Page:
There’s something special about senior pets. They share your home and steal your heart from the minute they cross the threshold, whether they’ve been with you since they were youngsters or they found your home in their golden years.
Age itself is not a disease—sure, your older pet may take more naps, and he may not be your running partner anymore, but his age should not stop him from enjoying life. However, as pets age, certain medical conditions become more likely. We commonly see senior and geriatric pets with perfect—or nearly perfect—bills of health, but you should know the medical conditions seen more frequently in senior pets so you can keep an eye out for early signs.
Most pets are considered seniors at 7 years of age, although there are variations depending on breed and size; for example, large- and giant-breed dogs have shorter lifespans and reach senior citizen status a year or two earlier. We advise all owners to ensure their senior pets are examined twice a year to allow us to catch health changes early. Allowing a whole year to pass between medical exams for pets would be like a human going five to eight years without medical care—a lot of medical changes can happen in that time.
Common health concerns in senior pets
Some medical conditions are more likely in senior pets, whether they bark or purr. We’ll be on the lookout for the following signs at your pet’s semi-annual exam:
- Change in weight
- Change in appetite
- Change in water intake or urine output
- Joint pain
- Mental acuity
Arthritis is a common diagnosis in both older dogs and cats, and while tell-tale signs, such as limping, can occur, arthritis signs in many pets, especially cats, are subtle, and easily missed. Arthritis signs include:
- Rising slowly, especially after a nap
- Hesitancy before jumping onto the bed, couch, or counter
- Exercise intolerance
- Increased panting
- Withdrawing from family life
- Urinating or defecating outside of the litter box, especially if the litter box has tall sides, or is located upstairs
- Increased agitation or aggression
Imagine if you never brushed your teeth or went to the dentist for a cleaning—you’d probably have a painful and dirty mouth full of cavities. For many pets, this is the reality. Without daily tooth brushing, plaque accumulates on their teeth, causing gingivitis and periodontal disease, which leads to oral pain, tooth loss, and bad breath. Sadly, more than 80% of pets have dental disease by the time they are 3 years of age. Dental disease can be a source of chronic pain and inflammation, which can affect appetite. Many owners report that once their senior dog or cat’s teeth were cleaned and their dental health addressed, they acted like puppies or kittens again.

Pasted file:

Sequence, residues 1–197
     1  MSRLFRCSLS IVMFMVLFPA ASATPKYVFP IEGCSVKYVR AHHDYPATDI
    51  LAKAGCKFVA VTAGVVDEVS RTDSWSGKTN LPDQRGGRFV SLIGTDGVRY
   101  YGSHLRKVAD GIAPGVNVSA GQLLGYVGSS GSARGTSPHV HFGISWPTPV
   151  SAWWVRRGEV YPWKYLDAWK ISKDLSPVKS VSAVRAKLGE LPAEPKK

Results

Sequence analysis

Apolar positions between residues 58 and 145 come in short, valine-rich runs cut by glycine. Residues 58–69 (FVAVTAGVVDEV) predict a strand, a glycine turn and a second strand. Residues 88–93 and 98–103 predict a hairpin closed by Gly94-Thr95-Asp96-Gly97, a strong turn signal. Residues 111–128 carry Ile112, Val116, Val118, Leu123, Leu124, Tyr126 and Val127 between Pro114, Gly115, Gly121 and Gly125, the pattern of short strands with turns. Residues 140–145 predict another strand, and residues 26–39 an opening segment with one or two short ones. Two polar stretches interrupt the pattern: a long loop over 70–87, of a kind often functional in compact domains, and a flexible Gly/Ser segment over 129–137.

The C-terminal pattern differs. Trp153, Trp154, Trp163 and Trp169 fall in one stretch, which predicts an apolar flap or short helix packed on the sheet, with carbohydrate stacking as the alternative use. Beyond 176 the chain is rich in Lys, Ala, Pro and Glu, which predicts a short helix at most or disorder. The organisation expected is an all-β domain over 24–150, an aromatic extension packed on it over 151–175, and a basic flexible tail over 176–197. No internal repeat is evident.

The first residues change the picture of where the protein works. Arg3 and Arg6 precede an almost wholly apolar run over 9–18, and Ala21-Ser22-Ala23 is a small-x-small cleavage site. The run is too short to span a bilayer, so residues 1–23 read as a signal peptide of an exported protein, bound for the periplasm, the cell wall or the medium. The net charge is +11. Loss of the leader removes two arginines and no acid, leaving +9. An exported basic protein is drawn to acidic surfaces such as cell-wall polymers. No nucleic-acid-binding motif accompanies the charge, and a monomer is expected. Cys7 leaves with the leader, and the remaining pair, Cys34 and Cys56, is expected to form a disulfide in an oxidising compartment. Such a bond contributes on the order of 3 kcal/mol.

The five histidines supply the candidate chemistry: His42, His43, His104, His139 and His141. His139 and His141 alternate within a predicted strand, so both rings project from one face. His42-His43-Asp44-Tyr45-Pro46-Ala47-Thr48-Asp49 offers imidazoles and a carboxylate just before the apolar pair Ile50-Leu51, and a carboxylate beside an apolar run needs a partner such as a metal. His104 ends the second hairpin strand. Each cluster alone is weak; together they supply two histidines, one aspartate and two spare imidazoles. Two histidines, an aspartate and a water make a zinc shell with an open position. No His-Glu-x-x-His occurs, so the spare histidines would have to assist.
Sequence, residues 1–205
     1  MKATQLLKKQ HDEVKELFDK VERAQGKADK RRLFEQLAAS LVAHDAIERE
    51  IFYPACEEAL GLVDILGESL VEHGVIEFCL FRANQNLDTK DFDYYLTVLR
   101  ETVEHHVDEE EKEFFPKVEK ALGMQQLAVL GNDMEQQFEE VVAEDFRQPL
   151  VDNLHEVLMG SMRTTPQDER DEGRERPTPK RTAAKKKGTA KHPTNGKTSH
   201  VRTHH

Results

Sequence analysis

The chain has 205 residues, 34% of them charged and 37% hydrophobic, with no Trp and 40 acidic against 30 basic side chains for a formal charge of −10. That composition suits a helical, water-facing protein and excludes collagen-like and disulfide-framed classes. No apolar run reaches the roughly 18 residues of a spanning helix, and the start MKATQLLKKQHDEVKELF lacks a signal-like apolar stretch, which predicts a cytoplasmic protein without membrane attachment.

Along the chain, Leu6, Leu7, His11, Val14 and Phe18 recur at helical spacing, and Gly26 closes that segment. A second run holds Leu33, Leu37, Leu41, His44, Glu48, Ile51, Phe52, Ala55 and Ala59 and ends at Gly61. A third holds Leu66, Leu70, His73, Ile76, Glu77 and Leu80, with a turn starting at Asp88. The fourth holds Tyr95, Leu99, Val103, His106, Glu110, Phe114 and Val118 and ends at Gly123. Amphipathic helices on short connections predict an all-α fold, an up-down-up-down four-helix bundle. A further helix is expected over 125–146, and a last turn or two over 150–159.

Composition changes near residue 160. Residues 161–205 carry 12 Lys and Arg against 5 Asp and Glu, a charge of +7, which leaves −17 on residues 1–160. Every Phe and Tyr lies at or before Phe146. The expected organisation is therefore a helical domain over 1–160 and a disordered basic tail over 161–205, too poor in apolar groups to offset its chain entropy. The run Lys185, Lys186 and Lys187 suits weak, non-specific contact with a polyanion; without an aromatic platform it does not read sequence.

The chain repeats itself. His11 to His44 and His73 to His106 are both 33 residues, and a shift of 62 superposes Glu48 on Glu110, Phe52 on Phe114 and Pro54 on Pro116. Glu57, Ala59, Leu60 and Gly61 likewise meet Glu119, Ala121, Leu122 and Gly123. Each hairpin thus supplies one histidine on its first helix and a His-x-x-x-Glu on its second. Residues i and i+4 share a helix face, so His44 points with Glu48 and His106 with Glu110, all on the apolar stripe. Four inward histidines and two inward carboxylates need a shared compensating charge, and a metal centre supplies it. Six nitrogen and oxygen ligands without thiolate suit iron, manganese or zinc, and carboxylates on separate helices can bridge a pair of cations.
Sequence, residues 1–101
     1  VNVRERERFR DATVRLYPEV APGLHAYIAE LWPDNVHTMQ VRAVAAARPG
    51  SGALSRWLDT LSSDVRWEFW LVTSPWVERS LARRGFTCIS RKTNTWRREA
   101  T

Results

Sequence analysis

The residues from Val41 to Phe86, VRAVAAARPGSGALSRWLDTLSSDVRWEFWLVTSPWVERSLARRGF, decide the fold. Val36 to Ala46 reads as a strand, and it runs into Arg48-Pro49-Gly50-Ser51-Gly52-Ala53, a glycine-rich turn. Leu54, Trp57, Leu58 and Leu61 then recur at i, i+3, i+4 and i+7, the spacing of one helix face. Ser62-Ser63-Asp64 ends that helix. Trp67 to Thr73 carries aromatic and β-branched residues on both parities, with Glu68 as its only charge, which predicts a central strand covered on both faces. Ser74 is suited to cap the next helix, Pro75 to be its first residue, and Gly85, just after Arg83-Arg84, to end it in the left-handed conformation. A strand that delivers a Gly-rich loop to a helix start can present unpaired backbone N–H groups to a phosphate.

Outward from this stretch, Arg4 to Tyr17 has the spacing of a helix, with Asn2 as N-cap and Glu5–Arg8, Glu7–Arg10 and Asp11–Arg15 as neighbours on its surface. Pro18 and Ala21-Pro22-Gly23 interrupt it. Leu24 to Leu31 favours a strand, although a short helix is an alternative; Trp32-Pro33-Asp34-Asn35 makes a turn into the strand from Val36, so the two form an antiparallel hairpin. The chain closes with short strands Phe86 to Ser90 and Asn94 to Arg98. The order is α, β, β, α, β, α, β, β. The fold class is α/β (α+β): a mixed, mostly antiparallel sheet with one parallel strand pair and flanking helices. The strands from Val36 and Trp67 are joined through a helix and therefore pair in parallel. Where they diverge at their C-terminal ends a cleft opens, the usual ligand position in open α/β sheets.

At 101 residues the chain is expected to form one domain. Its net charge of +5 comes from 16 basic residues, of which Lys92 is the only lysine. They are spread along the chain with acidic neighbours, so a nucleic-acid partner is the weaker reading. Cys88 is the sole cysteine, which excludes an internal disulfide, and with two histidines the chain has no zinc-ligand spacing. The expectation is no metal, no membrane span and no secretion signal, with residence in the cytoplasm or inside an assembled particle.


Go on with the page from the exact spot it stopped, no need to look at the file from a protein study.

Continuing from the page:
As pets age, they tend to exercise less, and they become overweight or obese because they are no longer burning calories. Obesity makes some medical conditions worse, and contributes to the development of others. Overweight pets likely have more joint pain, and may be more susceptible to developing cancer, high blood pressure, and diabetes. Semi-annual exams allow us to keep an eye on your pet’s weight and discuss diet options as soon as we see him gaining pounds.
Pets, like people, can suffer from cognitive decline as they age. If your pet’s behavior changes cannot be attributed to physical medical conditions, such as arthritis or kidney failure, we will consider the possibility of cognitive dysfunction. Some signs may include:
- Barking or meowing at abnormal times
- Changes in sleep patterns
- Increased nighttime activity
- Disorientation, or being lost in a familiar place
- Repetitive motions
- Getting “stuck” (e.g., in a corner, or under a table)
- Increased anxiety, which, in dogs, is often accompanied by panting
Aging can bring many challenges to your pet, which can be hard for loving pet owners to watch. Growing old gracefully is the goal, however, and we are here to help your senior pet do just that. Our mission is to ensure that your senior pet’s life is happy, healthy, and pain-free. Give us a call to schedule your senior pet’s appointment.